Any election, local or national, is preceded by a frenzied process of interviews, reference requests, checks and counterchecks, all to ensure the fitness of those wishing to stand. Whilst each party has its own vetting system to wheedle out past misdemeanours, with party HQs keen to field a candidate in as many seats as possible, prudency can swiftly fall victim to necessity, particularly when an election is called with little notification.
Rushed into seats they were never expected to win, there has been a suspicion since December that a number of the Conservative Party’s 109 new MPs – or ‘Boris’s babies’, as the intake has been dubbed – will fall foul of the scrutiny that comes with being elected to public office. Skipping the frequent councillor to candidate-in-waiting route lots of MPs take, it is for many their first role in politics. Throw into the mix some very young, impressionable individuals, a number of whom are only in their early to mid-twenties, it’s easy to see how problems may arise.
Indeed, the fallout has already begun. Shortly after Christmas, news emerged that the new MP for Bridgend, Jamie Wallis, co-owned a sugar daddy website which, regardless ‘whether you’re a boy, girl, straight or gay’, could ‘solve your money worries.’ In a separate case last week, footage was uncovered of Leigh’s new MP, James Grundy, exposing himself in a pub thirteen years ago. Another of the new intake, Fay Jones, has similarly found herself on the receiving end of criticism for publicising a canned water brand based in her constituency, which is now being stocked in Parliament’s canteens, from whom she received a £10,000 donation in January – sailing mightily close to breaching the MP Code of Conduct rules.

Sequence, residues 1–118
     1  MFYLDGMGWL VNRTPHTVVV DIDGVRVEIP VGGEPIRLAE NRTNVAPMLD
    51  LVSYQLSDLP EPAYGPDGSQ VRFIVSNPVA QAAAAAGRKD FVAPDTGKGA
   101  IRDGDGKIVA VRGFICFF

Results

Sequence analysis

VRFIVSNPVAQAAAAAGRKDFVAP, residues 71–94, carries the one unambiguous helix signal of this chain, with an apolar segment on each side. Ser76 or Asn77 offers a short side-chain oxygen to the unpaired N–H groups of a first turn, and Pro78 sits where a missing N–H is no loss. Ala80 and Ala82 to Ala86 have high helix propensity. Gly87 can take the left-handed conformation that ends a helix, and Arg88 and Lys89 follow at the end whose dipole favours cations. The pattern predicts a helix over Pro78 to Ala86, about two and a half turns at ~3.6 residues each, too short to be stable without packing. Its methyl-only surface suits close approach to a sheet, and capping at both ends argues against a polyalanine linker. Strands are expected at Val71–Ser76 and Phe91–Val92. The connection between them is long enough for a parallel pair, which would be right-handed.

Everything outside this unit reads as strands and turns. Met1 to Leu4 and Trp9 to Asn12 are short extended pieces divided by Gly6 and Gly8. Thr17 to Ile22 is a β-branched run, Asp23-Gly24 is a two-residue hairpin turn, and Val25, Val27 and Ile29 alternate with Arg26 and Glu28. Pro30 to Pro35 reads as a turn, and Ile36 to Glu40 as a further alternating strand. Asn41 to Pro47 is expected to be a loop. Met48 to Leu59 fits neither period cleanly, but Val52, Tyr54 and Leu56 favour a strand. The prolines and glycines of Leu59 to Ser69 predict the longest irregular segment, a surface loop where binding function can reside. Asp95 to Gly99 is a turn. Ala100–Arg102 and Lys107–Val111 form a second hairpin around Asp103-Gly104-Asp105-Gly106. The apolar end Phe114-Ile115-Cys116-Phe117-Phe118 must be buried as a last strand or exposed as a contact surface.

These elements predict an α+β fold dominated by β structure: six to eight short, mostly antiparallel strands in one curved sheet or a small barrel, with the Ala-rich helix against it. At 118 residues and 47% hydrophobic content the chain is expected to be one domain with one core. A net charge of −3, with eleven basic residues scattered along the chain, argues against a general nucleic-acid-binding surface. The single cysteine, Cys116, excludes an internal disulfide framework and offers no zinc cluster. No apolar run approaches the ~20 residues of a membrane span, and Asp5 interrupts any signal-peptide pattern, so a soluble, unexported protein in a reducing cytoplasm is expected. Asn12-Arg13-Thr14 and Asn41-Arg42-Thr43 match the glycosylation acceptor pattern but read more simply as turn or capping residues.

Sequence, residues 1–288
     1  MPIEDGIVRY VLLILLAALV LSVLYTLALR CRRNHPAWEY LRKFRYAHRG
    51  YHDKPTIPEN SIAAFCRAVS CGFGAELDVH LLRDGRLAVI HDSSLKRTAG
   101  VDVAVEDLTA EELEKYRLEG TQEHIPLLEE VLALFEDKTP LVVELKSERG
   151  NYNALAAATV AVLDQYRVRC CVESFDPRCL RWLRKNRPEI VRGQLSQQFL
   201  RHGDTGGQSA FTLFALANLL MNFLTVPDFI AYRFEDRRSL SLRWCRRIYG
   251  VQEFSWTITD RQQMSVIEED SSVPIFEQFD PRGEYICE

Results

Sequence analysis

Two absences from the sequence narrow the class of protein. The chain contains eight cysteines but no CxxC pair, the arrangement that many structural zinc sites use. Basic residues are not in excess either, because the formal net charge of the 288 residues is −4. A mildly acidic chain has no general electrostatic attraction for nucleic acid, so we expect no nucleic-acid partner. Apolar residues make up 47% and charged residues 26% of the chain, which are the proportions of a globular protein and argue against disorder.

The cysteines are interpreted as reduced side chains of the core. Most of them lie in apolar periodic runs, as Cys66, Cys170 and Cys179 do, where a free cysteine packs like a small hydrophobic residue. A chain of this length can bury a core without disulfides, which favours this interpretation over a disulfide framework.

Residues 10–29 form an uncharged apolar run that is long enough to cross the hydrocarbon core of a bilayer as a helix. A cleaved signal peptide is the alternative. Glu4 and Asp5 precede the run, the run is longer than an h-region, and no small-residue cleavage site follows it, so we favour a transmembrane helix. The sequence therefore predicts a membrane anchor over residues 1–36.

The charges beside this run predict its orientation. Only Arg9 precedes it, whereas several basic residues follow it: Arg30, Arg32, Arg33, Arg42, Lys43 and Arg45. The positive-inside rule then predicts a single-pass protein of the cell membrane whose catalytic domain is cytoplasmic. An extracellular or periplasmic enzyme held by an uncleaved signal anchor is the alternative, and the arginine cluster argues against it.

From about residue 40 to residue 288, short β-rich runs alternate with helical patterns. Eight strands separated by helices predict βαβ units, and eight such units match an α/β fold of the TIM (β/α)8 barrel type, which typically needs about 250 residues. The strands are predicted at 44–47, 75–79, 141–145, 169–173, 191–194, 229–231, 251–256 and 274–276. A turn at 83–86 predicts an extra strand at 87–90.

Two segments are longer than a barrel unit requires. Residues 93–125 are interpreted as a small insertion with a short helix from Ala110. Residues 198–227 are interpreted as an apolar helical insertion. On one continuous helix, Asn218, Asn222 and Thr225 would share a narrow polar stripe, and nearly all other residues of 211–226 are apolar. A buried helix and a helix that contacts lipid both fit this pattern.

Of course, we’re not unaccustomed to MPs falling into hot water for various lapses in judgement, and whilst many of these will be embarrassing but, on the whole, naïve and innocuous, others will, no doubt, be far more serious. This new tranche of MPs is just beginning to find its feet in Parliament, making their weight felt on issues like HS2. But with such discernible inexperience and new-found power, over the coming months don’t be surprised to see more names in the headlines for all the wrong reasons.
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